Ancient vicariance or recent long-distance dispersal? Inferences about phylogeny and South American-African disjunctions in rapateaceae and bromeliaceae based on ndhF sequence data

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  • Rapateaceae and Bromeliaceae each have a center of diversity in South America and a single species native to a sandstone area in west Africa that abutted the Guayana Shield in northern South America before the Atlantic rifted. They thus provide ideal material for examining the potential role of vicariance versus long-distance dispersal in creating amphiatlantic disjunctions. Analyses based on ndhF sequence variation indicate that Rapateaceae and Bromeliaceae are each monophyletic and underwent crown radiation around 41 and 23 Ma, respectively. Both exhibit clocklike sequence evolution, with bromeliads evolving roughly one-third more slowly than rapateads. Among rapateads, the divergence of west African Maschalocephalus dinklagei from its closest South American relatives implies that Maschalocephalus resulted via long-distance dispersal 7 Ma, not ancient continental drift; only its sandstone habitat is vicariant. Rapateads arose first at low elevations in the Guayana Shield; the earliest divergent genera are widespread along riverine corridors there and, to a lesser extent, in Amazonia and the Brazilian Shield. Speciation at small spatial scales accelerated 15 Ma with the invasion of high-elevation, insular habitats atop tepuis. Among bromeliads, Pitcairnia feliciana diverges little from its congeners and appears to be the product of long-distance dispersal ca. 12 Ma. Brocchinia/Ayensua and then Lindmania are sister to all other bromeliads, indicating that the Guayana Shield was also the cradle of the bromeliads. Three lineages form an unresolved trichotomy representing all other bromeliads: (1) Tillandsioideae, (2) Hechtia, and (3) a large clade including remaining genera of Pitcairnioideae and all Bromelioideae. The last includes a clade of pitcairnioid genera endemic to the Guayana and Brazilian Shields; a xeric group (Abromeitiella/Deuterocohnia/Dyckia/Encholirium/Fosterella) from southern South America and the southern Andes, sister to Pitcairnia; and Andean Puya, sister to Bromelioideae, with many of the latter native to the Brazilian Shield. Both Rapateaceae and Bromeliaceae appear to have arisen at low elevations in the Guayana Shield, experienced accelerated speciation after invading dissected mountainous terrain, and undergone long-distance dispersal to west Africa recently. Bromeliad acquisition of key adaptations to drought (e.g., CAM photosynthesis, tank habit, tillandsioid leaf trichomes) 17 Ma appears to have coincided with and help cause the centripetal invasion of drier, more seasonal regions beyond the Guayana Shield, resulting in a wider familial range and dominance of the epiphytic adaptive zone. Geology, past and present climate, and proximity to South America help account for both families occurring in nearly the same area of Africa. We present a new classification for Rapateaceae, including a new tribe Stegolepideae, a new subfamily Monotremoideae, and revisions to tribe Saxofridericieae and subfamily Rapateoideae.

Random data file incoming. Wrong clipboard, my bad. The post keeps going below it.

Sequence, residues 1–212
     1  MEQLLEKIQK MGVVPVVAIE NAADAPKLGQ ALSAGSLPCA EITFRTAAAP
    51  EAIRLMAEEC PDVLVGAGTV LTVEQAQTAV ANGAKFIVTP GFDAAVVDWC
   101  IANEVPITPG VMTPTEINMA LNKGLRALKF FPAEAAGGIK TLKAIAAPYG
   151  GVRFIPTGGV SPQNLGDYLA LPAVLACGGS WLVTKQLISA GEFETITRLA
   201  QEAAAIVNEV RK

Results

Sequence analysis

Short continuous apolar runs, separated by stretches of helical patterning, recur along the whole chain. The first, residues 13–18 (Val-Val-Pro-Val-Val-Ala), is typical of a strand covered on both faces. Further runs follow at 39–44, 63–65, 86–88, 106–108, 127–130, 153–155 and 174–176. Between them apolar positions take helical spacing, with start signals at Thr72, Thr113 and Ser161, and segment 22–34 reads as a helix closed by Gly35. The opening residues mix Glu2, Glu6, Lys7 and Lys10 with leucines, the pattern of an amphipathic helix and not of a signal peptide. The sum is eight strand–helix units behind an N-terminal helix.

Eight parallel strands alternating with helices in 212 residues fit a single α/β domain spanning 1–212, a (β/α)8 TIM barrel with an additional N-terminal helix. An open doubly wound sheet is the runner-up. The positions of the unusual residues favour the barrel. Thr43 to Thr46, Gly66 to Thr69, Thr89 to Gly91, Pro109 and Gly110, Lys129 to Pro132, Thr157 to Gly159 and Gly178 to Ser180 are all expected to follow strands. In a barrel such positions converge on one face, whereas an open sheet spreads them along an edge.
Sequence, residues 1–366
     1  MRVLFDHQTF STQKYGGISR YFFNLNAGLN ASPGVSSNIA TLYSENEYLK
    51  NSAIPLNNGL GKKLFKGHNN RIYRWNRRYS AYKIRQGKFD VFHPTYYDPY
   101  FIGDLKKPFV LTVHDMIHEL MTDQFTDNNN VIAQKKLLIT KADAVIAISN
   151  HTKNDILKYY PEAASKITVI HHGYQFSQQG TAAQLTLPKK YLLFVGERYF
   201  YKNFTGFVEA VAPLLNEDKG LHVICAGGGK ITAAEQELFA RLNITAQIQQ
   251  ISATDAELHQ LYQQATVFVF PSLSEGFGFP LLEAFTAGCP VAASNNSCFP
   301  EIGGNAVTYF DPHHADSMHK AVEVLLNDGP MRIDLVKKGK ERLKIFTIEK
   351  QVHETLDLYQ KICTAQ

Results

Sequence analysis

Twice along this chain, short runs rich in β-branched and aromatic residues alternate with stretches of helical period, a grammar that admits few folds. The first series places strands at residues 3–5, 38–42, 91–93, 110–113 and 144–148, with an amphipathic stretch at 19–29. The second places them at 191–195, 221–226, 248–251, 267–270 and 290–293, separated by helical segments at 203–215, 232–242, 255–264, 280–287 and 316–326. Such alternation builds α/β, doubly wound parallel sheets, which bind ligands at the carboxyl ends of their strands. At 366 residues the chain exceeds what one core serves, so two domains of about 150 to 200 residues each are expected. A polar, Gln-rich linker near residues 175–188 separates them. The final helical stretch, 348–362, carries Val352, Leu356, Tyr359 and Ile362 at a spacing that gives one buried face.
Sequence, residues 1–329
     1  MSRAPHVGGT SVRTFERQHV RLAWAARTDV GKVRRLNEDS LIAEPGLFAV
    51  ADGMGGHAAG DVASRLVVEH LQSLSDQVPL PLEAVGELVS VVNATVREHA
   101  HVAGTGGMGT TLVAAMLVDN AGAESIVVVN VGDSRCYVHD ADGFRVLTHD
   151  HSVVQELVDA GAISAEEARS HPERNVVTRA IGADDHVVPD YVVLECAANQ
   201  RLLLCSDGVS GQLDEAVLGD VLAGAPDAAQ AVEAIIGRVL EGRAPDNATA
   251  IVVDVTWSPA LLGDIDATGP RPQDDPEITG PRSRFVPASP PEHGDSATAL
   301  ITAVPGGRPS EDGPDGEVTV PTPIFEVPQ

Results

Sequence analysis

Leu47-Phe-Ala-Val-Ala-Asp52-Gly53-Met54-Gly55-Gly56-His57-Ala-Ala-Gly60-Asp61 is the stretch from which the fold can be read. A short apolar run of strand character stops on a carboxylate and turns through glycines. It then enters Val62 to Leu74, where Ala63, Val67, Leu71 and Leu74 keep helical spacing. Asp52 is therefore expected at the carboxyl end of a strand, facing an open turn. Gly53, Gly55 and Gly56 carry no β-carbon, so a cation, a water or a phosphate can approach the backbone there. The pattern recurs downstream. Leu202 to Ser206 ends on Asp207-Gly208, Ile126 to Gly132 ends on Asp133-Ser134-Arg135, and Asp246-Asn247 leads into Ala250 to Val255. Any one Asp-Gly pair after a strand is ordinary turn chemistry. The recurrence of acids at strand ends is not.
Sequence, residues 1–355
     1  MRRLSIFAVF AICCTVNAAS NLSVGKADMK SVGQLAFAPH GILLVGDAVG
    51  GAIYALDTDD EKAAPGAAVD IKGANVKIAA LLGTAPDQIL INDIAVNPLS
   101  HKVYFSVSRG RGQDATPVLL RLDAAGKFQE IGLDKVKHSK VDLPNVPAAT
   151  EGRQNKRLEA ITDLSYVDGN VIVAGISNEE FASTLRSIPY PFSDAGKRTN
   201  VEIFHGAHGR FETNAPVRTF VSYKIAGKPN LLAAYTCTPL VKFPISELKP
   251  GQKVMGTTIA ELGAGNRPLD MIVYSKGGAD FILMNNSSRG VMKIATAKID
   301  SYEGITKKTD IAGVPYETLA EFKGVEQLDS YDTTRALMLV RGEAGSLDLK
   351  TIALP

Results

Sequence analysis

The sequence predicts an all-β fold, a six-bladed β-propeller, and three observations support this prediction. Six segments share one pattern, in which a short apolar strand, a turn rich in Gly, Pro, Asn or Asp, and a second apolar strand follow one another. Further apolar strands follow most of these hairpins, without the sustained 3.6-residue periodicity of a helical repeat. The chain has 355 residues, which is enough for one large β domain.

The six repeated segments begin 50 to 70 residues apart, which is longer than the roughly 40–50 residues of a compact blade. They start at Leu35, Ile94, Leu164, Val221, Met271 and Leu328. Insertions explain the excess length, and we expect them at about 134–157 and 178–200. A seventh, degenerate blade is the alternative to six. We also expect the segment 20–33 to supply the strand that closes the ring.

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    Copyright 2004 by The University of Chicago. All rights reserved.
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    • Givnish, T. J., Millam, K. C., Evans, T. M., Hall, J. C., Pires, J. C., Berry, P. E., & Sytsma, K. J. (2004). Ancient vicariance or recent long-distance dispersal? Inferences about phylogeny and South American-African disjunctions in rapateaceae and bromeliaceae based on ndhF sequence data. International Journal of Plant Sciences, 165(4), S35-S54.